C. Switzerland.for cooled storage until geological disposal or other methods are developed (Nutall. 2005). Figure 2: Various Waste Streams in Spent Fuel Treatment-Recycling Nu The uranium recovered through recycling can be re-enriched and used as new fuel in a reactor. MOX fuel. the separated waste products so they no longer require a repository. this glass can safely store the radioactive products (thermal stability. On the contrary. the spent fuel cycle moves away from what Braungart and McDonough call “downcycling. in a new type of reactor. • The average half-lives of wastes would be much shorter. is far more energy-giving than the enriched uranium fuel from which it came originally. France). The plutonium-uranium mixture recovered from used fuel can be used to make mixed oxide fuel (MOX). Vitrification is a process used to solidify concentrated solutions of fission products and transuranic elements separated during spent fuel recycling by mixing them with a glass matrix at high temperature. 2006). the volume of final waste is reduced by a factor of 4-5 and the radiotoxicity of the waste is reduced by a factor of 10. MOX has also already been re-recycled. • When recycling is employed in the current nuclear energy cycle. Accomplishing the goal of zero nuclear process waste in the nuclear industry will require recycling and destroying.” in which the recycled material is made into something of a lesser quality. Cradle-to-Cradle – Application for Used Nuclear Fuel Various advocates of spent fuel recycling provide the following list of benefits: • The radiotoxic trace in any repository/long term storage is significantly decreased. • The physical size of any waste repository would be greatly reduced (Nutall. • Early reduction of used fuel inventories at reactor sites • Reliance on existing technology Cradle to Cradle: Turning Nuclear “Waste” into Nuclear Fuel 4|Page N . MOX is used in 36 PWRs in Europe (Germany. Belgium. lixiviation resistance. Five of the six Generation IV reactors being developed have closed fuel cycles which recycle all the actinides. the used fuel is “upcycled”. In this way. irradiation resistance. and used as new fuel in a nuclear power plant (NEI. resistance to alternation with time. A reactor that uses 30% MOX will consume as much plutonium as it produces. 2005). homogeneous). the material is rematerialized instead of dematerialized. because of the plutonium component.

the cash flow requirements for recycling could fit until 2030 within the current financing resources available for a cradle-to-grave strategy (BCG. the value of the recovered products. A nuclear fuel recycling facility employs thousands of workers and creates thousands more for the community. 2006). but added a negative cost in 2006 (Barre & Bauquis. There are over 8 thousand tons (8. 2006).• • • An option for the nuclear power sector to protect itself against potential rises in uranium prices In the case of the United States. in which cradle-to-cradle concepts are not employed. let’s take a look at the amount of civil nuclear waste today and in the future. Assuming minimal changes in mass at the end of a fuel’s first usage (nuclear fuel rods are changed on average from twelve to eighteen months in reactor). If we are to move in the direction of eco-intelligent design that employs cradle-to-cradle industrial concepts.000 USD per kg of heavy metal (Bunn. Those that are not in favor of the cradle-to-cradle option primarily cite the following two reasons: • A recycling nuclear fuel industry creates more opportunities for terrorist attacks (proliferation concerns) (Sweet. It is useful to show a volumetric comparison of the status quo of the “no-recycling” option versus that of recycling. and physical protection. 2007). Proliferation concerns are lessened by employing an array of safeguards. In addition. Vitrified high level waste is more stable in the long term when compared to untreated spent fuel. There are two major reports that address the economics of recycling in the United States that give very different cost figures. As seen in Figure 3. there are more than 400 nuclear power plants in the world (IAEA. the changes in mass of the fuel elements will be small. First. job creation and the honing of high and transferable skills involved in the nuclear industry should be a factor. recycling added 10% to the cost of nuclear fuel in 2000. independent verification.020 t) of spent fuel produced yearly (using the estimate of 373 GWe of nuclear power currently and assuming on average a 1000 MWe reactor).5 metric tons of fuel (assuming a fuel burn up rate of 45000 MWdays/ton. The annual requirements for a 1000 MWe PWR include 21. Recycling used fuel undoubtedly reduces uncertainties in disposal costs and future fuel costs.000 indirect and direct jobs in total.000 MWe PWR reactor.5 t of fuel yearly. At the La Hague recycling plant in France. one would expect to have roughly 21. 2003). These reactors range in size. For cradle-to-cradle cycles. 2006). The chemical composition of this fuel will have changed. Another report uses a recycling strategy cost of 520 USD/kg (BCG. • The option is too expensive. then environmental economics must be employed to show the value of closed loop systems. The final disposal cost of a cradle-to-grave strategy is subject to a high level of uncertainty (and thus makes comparison difficult). including a recycling process that does not separate plutonium at any point in the process. with various fission products and plutonium resulting. a thermal efficiency of 34% and an average capacity factor of 90%). An average nuclear power facility in the United States employs 800 workers and creates hundreds more for the community (DOE. environmental sampling. this amount needs to go into a “grave. 2000). With a once-through cycle. technology and capacity. 2008). The net costs of recycling used fuel is a multifaceted issue. the operational costs. Both studies compare recycling to a complete “burial” of high level waste. the opposite of which brought us to our current vulnerable state with regard to energy and climate change.” If we Cradle to Cradle: Turning Nuclear “Waste” into Nuclear Fuel 5|Page . One report uses a recycling strategy cost of 1. however.000 direct jobs and more than 10. there are more than 5. and the reduction in waste volumes (and thus the costs of disposal after recycling). per 1. material containment and surveillance monitoring. one must factor in the capital costs.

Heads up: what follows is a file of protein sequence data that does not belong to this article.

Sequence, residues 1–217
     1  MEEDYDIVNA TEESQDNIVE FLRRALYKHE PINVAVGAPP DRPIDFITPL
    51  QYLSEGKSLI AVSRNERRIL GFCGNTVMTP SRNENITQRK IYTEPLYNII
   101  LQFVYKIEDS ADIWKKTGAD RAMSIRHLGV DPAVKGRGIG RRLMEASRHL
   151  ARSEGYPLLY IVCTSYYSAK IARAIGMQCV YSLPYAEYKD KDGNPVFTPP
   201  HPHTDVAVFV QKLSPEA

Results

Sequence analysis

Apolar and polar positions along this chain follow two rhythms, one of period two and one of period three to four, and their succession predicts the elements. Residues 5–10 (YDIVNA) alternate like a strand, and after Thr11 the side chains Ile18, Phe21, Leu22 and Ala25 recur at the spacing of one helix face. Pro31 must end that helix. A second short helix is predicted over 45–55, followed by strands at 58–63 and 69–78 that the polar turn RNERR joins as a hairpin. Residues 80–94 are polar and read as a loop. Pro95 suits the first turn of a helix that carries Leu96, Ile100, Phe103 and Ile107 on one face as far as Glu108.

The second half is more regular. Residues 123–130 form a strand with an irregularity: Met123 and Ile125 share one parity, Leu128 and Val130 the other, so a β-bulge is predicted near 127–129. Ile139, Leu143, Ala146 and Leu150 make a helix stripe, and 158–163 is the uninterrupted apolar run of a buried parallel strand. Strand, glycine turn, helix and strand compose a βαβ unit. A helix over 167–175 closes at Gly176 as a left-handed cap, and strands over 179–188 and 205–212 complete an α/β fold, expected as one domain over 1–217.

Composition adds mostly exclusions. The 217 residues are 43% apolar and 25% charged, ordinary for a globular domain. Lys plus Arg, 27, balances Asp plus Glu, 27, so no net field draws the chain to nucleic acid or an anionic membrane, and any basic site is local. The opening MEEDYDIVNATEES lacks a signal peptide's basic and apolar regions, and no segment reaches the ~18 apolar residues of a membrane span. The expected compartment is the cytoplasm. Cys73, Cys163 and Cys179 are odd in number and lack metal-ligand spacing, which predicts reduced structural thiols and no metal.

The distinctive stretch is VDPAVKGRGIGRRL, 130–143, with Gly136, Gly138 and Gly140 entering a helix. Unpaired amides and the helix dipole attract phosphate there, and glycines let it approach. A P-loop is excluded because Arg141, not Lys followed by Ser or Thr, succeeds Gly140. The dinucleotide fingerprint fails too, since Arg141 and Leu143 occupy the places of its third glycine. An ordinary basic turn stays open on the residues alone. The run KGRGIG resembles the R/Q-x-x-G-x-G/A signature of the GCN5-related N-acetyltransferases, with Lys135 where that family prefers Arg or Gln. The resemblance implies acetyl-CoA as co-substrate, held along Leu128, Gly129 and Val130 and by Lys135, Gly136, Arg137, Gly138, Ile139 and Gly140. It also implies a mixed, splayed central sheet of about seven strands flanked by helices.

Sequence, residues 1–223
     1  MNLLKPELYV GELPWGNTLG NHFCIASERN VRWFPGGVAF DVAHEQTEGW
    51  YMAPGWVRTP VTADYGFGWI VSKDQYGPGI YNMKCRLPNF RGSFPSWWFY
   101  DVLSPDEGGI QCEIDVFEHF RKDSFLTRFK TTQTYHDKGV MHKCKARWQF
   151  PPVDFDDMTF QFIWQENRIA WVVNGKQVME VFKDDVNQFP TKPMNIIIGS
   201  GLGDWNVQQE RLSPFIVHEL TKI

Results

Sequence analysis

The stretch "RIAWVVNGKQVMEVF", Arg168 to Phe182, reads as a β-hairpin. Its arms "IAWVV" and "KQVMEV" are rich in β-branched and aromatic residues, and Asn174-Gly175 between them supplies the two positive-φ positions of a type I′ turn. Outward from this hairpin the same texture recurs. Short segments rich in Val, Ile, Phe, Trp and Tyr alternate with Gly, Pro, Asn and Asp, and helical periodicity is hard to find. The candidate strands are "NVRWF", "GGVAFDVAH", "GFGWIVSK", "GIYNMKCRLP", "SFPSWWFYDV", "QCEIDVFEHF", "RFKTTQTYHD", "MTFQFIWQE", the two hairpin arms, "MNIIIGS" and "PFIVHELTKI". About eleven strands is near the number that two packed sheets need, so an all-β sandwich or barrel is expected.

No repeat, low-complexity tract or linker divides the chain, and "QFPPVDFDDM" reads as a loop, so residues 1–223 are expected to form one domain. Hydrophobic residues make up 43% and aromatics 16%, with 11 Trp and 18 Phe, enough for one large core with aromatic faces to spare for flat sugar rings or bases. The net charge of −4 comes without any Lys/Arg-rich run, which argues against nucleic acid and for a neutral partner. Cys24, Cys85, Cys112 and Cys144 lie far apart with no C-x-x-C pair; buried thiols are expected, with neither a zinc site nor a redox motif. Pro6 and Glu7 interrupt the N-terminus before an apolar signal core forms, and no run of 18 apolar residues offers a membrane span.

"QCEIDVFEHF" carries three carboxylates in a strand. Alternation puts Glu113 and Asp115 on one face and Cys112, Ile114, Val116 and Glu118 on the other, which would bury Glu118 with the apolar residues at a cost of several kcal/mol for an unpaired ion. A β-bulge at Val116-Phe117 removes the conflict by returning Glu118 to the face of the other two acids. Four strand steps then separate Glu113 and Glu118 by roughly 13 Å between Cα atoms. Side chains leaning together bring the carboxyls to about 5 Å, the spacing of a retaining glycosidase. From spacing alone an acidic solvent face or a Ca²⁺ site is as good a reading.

and possibly up to 3500 GWe. this leads us to roughly 24. one ton of used fuel corresponds to approximately two cubic meters of space. assuming that they are 1000 MWe reactors.000 tons of nuclear waste. one could expect a total of 1100 reactors worlwide by 2060. it is a reborn option. with our new awakenings to what is required for sustainable development. We can Cradle to Cradle: Turning Nuclear “Waste” into Nuclear Fuel 6|Page . however. It is. We can help by reducing our energy demand (changing to efficient light bulbs. Figure 3: Number of Reactors in Operation Worldwide (IAEA. there are many approaches.). turning off computers at night. taking mass transportation. So by creating a closed-cycle. and applying cradle-tocradle concepts to nuclear energy. We can help by reusing energy (using solar-powered calculators. III. we could save 95% of this from being buried and the associated environmental.). etc. as part of the solution to creating low carbon energy. The nuclear fuel recycling solution presented is not new. 2007). compared with 373 GWe today (WNA. 2000) What about future projections for nuclear reactors? A World Nuclear Association projection shows at least 1100 GWe of nuclear capacity by 2060. by turning the waste from nuclear reactors into new fuel to be reapplied to create more energy in reactors. and cookers. Taking the lower bound of 1100 GWe. The solution is also not by any means a panacea to the energy demand versus climate change dilemma. We could reduce 8 thousand tons of waste yearly to just over 400 tons. using daylight. To provide an idea of space consumption. safety and security risks. it’s being done. panels. Using the same assumptions. health. this value could be around 1. With recycling.000 tons of nuclear waste yearly without a cradle-to-cradle approach. Conclusion The sustainability management method of cradle-to-cradle also applies to our greenhouseconstrained energy system. and it can be used on nearly all the waste. capturing heat generated elsewhere to heat parts of buildings. etc. We can also help by recycling the raw products used to create energy. recycling spent fuel. It’s doable. we can form a part of the solution to the energy crisis. insulating homes.employed the currently proven recycling technologies. a very useful way of using sustainability concepts to reduce unwanted by-products of a solution.